Saturday, May 11, 2013

Wasn't this windy when I was digging me worms

"Wasn't this windy when I was digging me worms," says Matty, as we look at the swells crashing onto the beach. "Don't know where this wind's come from."

Lincolnshire, in a word. As in blowing almost straight across Mussel Bay right in our faces.We plump for a bit Matty fancies anyway, me on the lures, he on the lug.

It's hard work casting the lure, with the biggest Dexter in my box again the only thing I can cast any distance. There's no current between the groynes that stretch 40 or 50 yards out from the Prom. The sea works itself up into a foaming chop as the tide builds instead.

I can fish, sort of. The turbulent water throws the lure around and I've got no control over its speed or depth. I can see the braid stretching across the wave troughs between the tops of the breakers.

Matty's landing his bait near the end of the groynes with what looks like an effortless lob with his beachcaster and multiplier slung low on the handle. He misses a rod-wrencher - the only bite of the evening.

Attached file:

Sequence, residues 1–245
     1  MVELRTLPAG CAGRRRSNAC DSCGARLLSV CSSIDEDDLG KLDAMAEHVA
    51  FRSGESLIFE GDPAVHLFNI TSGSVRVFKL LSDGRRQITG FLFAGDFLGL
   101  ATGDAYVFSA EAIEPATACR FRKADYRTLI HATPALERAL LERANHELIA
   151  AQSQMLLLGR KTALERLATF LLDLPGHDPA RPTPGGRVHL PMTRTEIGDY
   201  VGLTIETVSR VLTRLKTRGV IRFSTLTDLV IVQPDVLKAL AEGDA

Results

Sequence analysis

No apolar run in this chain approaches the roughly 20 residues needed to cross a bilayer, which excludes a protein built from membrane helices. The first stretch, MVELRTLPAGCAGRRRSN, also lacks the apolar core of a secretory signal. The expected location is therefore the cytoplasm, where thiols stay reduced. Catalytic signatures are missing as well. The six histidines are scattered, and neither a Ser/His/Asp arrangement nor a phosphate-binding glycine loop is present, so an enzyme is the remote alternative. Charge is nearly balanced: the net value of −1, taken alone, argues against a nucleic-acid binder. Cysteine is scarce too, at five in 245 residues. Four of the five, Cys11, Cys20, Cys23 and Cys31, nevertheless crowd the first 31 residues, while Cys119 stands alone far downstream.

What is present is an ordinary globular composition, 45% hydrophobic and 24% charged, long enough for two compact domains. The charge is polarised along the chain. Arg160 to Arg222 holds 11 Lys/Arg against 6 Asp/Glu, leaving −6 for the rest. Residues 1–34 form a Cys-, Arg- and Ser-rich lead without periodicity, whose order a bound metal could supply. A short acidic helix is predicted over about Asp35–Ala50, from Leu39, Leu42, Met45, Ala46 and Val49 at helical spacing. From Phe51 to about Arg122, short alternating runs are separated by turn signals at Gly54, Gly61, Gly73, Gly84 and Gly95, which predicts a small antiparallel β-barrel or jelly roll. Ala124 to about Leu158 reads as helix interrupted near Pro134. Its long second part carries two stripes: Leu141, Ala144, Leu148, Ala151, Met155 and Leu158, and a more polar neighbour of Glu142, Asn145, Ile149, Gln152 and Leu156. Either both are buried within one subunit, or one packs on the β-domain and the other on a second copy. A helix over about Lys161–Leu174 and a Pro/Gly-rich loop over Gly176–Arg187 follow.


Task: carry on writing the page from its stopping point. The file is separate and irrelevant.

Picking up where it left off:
As high water arrives, the waves are bouncing off the sea wall and colliding head-on with themselves, sending explosions of foam into the air. It doesn't take us long to get soaked, despite retreating up the concrete slipway.

For all the frustrations the last few trips have brought, they've also whetted my appetite and left me thirsting to crack the sea - or at very least catch something. I look at the beachcasters gathering dust in a corner of my study and wonder whether I'd be better off resorting to worm or crab, propelled out by six ounces of lead, until conditions change.

But I decide to stick with the lures, perhaps with a tweak or two including lighter braid so I can add a few yards to my casting. I've also murdered a new hook on the lure I was using tonight in little over an hour's fishing.

I sharpened the points up every time they were blunted by bumping into the sand or the hand-sized lumps of chalk and carrstone that litter the beach. You can only touch up the points of chemically-sharpened (etched) hooks so many times before they're beyond salvation when it comes to getting a decent edge to them.

I'm gradually changing lures over to singles, but encountered a problem I hadn't expected with them when I briefly tried a surface lure rigged with two of them tonight - they seem adept at catching around the leader when you cast into the wind.

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